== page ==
February 16, 1967. Lady Bird Johnson and Mary Lasker accept on behalf of their beautification program a surprise donation of flower seeds to be used in Washington, DC school grounds, in a presentation at the Jacqueline Kennedy Garden of the White House.
LBJ Presidential Library photo #C4560-20a, public domain.
That’s one classy wheelbarrow!
We interrupt this regularly scheduled LBJ Time Machine:
To tell y’all that we have posted the 1934 love letters between LBJ and Lady Bird, available in full for the very first time, on the web. You can find them here: searchable, downloadable, and transcribed.
LBJ and Lady Bird met on September 5, 1934 and ”committed matrimony,” as Lady Bird described it, on November 17 of that same year. These 90-odd letters are their correspondence during the time of their (brief) courtship, while he was in Washington and she was in Texas. Enjoy—and Happy Valentine’s Day, from us to you.
— LBJ Presidential Library Archives Staff
Does 90 letters in 90 days in 1934 equal 5,000 text messages in 2013?
The love letters of LBJ and Lady Bird have finally been digitized and released to the public this morning. You can read them all at www.lbjlibrary.org.
Image: LBJ sent this photo to Lady Bird during their courtship. The caption reads “For Bird—A lovely girl with ideals, principles, intelligence, and refinement from her sincere admirer, Lyndon” (Lyndon Baines Johnson Presidential Library)
On Valentine’s Day at 10 a.m. EST, we are releasing all of the 1934 love letters between Lady Bird and Lyndon from their whirlwind 10-week courtship. The letters are all digitized, transcribed, and will be available for download online via www.lbjlibrary.org.
“Lyndon, my dear, do you want me to keep on loving you? Shall we keep on writing each other every day? Shall you, (perhaps, sometimes) call me? And are you going to keep on loving me, with an eye to the now somewhat-more-distant future? I want to know. For me—I shall keep on writing you. I shall keep on loving you. I do not want anything to come between us.” (Lady Bird, 10/22/34 letter)
Image and text from the LBJ Presidential Library. Photo of Claudia Alta “Lady Bird” Taylor, 1935.
Highway Beautification Act
More than just wildflowers along highways - the Highway Beautification Act called for the removal of some types of billboards, unsightly roadside junkyards were removed or screened, and the enhancement of scenic views. In these photographs, President Lydon B. Johnson signs the Highway Beautification Act while the Act’s biggest supporter, Lady Bird Johnson looks on.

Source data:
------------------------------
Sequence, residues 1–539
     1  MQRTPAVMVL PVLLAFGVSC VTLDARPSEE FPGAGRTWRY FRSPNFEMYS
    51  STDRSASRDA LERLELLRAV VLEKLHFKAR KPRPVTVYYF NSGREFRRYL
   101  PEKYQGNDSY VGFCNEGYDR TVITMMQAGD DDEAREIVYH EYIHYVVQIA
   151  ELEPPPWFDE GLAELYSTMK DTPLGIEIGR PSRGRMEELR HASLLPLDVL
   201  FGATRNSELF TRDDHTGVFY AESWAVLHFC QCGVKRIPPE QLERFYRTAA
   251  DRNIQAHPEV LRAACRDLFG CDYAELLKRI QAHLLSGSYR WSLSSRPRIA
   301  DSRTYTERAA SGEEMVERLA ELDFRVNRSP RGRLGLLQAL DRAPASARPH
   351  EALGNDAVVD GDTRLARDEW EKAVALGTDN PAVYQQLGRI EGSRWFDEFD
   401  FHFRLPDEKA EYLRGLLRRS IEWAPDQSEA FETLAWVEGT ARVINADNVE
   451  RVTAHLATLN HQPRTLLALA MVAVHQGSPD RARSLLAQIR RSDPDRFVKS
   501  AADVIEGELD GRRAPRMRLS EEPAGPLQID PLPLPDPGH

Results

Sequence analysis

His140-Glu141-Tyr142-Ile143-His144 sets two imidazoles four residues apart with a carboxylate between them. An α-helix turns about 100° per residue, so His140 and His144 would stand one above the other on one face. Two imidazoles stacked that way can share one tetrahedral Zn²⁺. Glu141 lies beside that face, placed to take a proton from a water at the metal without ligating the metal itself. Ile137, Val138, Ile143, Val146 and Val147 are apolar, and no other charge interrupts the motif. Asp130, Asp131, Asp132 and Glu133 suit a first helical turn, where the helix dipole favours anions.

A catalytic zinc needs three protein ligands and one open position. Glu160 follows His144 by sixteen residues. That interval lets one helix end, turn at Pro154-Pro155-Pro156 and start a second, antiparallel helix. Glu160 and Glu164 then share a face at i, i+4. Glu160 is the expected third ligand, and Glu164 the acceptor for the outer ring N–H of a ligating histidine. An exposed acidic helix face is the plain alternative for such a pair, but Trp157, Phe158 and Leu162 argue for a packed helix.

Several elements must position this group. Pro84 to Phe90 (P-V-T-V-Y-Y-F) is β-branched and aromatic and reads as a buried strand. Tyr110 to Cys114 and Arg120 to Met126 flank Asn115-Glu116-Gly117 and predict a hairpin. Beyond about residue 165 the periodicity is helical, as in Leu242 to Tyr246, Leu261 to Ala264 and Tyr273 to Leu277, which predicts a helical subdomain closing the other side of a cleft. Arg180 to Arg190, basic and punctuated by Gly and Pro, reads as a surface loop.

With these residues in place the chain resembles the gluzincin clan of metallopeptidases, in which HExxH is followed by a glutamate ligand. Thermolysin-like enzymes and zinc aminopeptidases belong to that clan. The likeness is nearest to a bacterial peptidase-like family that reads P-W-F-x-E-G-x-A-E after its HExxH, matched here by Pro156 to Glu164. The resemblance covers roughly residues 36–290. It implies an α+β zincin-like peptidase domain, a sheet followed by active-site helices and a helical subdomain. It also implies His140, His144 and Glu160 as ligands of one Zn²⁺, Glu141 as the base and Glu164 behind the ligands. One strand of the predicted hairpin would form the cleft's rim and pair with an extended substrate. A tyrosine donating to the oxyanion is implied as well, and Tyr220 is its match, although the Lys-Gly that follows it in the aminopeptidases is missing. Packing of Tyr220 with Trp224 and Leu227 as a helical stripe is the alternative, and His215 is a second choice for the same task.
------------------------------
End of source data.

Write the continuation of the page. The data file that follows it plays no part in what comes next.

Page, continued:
Photograph of President Lyndon B. Johnson signing the Highway Beautification Act, 10/22/1965
Photograph of President Lyndon B. Johnson handing Lady Bird Johnson a signing pen at the signing ceremony for the Highway Beautification Act, 10/22/1965
1964 Presidential Campaign - Civil Rights and the South
It was October 1964, and the November Presidential election was looming as parts of the country still seethed over the Civil Rights Act President Lyndon B. Johnson had signed into law just a few months earlier.
Many white southerners and politicians considered the law an assault on their long-established way of life. Southern Democrats threatened to bolt as racial politics threatened to splinter the party and cost Johnson the election.
It was during this tumultuous time that Lady Bird Johnson embarked on perhaps her most difficult assignment as First Lady. In a four-day, 1,628-mile trip aboard a train dubbed the Lady Bird Special, the First Lady traveled through eight southern states.
This was the first time a First Lady campaigned on her own for her husband and she championed the new legislation that eliminated “Jim Crow” laws and guaranteed African Americans access to all public accommodations and the right to equal employment opportunities.
Along the way, Mrs. Johnson was met with invective that no first lady has experienced since. But the ultimate success of the trip, as she defended the need for the Civil Rights Act, was a testament to Lady Bird’s spirit and stoicism.
While she loved her role as First Lady, she wrote at the end of her tenure, “I wouldn’t trade anything for the experience. But not for anything would I pay for the price of admission again.”
Images: “Please don’t forget to vote” Postcard, 1964 ; Lady Bird Johnson on her Whistle Stop Tour. 10/6/64.
This evening gown was designed by Roxanne of Samuel Winston, under the Neiman Marcus label. It is made of white peau-de-soie with a bodice of white bugle and crystal beads. The gown was worn by Mrs. Lyndon B. Johnson at the Inaugural Gala, 1965; the visit of His Excellency Ayub Khan, President of Pakistan, December 14, 1965; the visit of Prime Minister Aldo Moro of Italy, April 20, 1965; and the visit of His Imperial Majesty Haile Selassie, Emperor of Ethiopia, February 14, 1967.